Stem Cells and Cancer Article
I’ve written several times in the blog about research showing that stem cells are likely the source of many cancers; something confuses the mechanism by which they regulate their production, and they overproduce new cells, creating a tumor. Now Scientific American
has published a fairly lengthy article on the subject (6 pages on the web). It is not a statement of any new research findings, but an overview and synthesis of what is already known. Some of the key points:“The HSC [hematopoietic stem cells] pool represents less than 0.01 percent of bone marrow cells in adults, yet each of these rare cells gives rise to a larger, intermediately differentiated population of progenitor cells. Those in turn divide and differentiate further through several stages into mature cells responsible for specific tasks, ranging from defending against infection to carrying oxygen to tissues.” Once the cells have differentiated to perform specific tasks, they can’t revert to performing some other function. The progenitor cells produced by the stem cells can divide multiple times but not limitlessly, as stem cells can.
“Because the rare stem cells are the only long-lived cells in the organs where most cancers develop, they represent a much smaller potential reservoir for cumulative genetic damage that could eventually lead to cancer. Unfortunately, because stem cells are so long-lived, they also become the most likely repository for such damage.” In other words, because stem cells are “immortal,” they suffer a greater likelihood of mutating than other cells which die quickly do; the regular cells simply aren’t exposed to the carcinogen for the length of time the stem cells are.
There are two models for the mechanism by which stem cells cause cancer; one is that there is a mutation in the stem cells themselves, and one is that the mutation occurs in the progenitor cells. This second theory would require progenitor cells to gain the ability to self-proliferate indefinitely, which has been shown to happen in at least one form of cancer.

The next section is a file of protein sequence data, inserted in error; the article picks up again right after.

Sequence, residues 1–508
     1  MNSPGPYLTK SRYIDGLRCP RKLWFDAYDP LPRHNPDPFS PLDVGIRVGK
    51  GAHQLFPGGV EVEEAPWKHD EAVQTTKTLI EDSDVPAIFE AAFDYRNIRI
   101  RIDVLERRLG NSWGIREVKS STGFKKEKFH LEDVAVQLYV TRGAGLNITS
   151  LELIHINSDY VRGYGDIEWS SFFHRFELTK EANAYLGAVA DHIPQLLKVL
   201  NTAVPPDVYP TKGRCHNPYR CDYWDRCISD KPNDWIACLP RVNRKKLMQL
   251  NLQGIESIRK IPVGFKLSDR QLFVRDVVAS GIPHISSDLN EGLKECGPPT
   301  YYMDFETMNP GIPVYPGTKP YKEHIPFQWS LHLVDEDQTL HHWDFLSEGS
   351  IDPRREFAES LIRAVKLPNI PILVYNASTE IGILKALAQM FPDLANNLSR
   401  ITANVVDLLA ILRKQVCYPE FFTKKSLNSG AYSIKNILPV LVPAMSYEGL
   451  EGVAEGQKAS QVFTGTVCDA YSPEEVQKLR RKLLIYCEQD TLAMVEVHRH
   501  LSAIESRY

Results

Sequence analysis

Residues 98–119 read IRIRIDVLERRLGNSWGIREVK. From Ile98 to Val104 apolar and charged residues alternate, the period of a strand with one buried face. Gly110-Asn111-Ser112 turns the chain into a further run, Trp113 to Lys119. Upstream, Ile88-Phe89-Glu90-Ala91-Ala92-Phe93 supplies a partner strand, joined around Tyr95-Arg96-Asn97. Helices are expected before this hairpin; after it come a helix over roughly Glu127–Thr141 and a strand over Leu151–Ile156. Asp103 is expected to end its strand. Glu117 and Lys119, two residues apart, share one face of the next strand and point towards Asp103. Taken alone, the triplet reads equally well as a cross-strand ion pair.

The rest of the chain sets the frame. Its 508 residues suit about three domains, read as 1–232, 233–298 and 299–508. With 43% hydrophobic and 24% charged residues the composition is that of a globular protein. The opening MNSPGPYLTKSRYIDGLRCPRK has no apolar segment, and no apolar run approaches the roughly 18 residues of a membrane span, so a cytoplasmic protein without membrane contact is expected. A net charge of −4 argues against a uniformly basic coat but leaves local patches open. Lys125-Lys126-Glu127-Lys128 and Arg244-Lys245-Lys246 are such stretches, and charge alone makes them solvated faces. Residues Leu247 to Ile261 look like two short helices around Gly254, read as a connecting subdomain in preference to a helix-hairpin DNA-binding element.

Crucial developments in the research include the commercial availability of the flow cytometer in the 1970’s, which allows research to separate different populations of cells within one sample, and the work in the 1990’s which showed that some cells had self-renewal properties.
The niche signaling properties related to stem cells—the messages they receive from the cells in the area of the body surrounding them—is a key to stem cell development and growth. It is possible that the niche cells would have the potential to send non-proliferation messages to cancer cells, to keep a tumor from growing; the environment of the stem cell is crucial.
Other parts of the article detail some of the specific instances in which stem cells have been shown to be at the root of the cancer, and some possible methods for treating cancer based on what is known about stem cell behavior. If this is an area you are interested in, please read the entire article yourself as I can’t possibly do it justice.
There was one other point that I wanted to comment on, which is that many of the discoveries of cancer stem cells have come from cancer researchers rather than stem cell researchers. This again shows how closely related the various biological fields are, and how research in one area can have an impact in another. This is one of the ways in which the limitations on embryonic stem cell research, sometimes so tight that graduate students in one lab can’t converse with students in another, stifles overall scientific knowledge.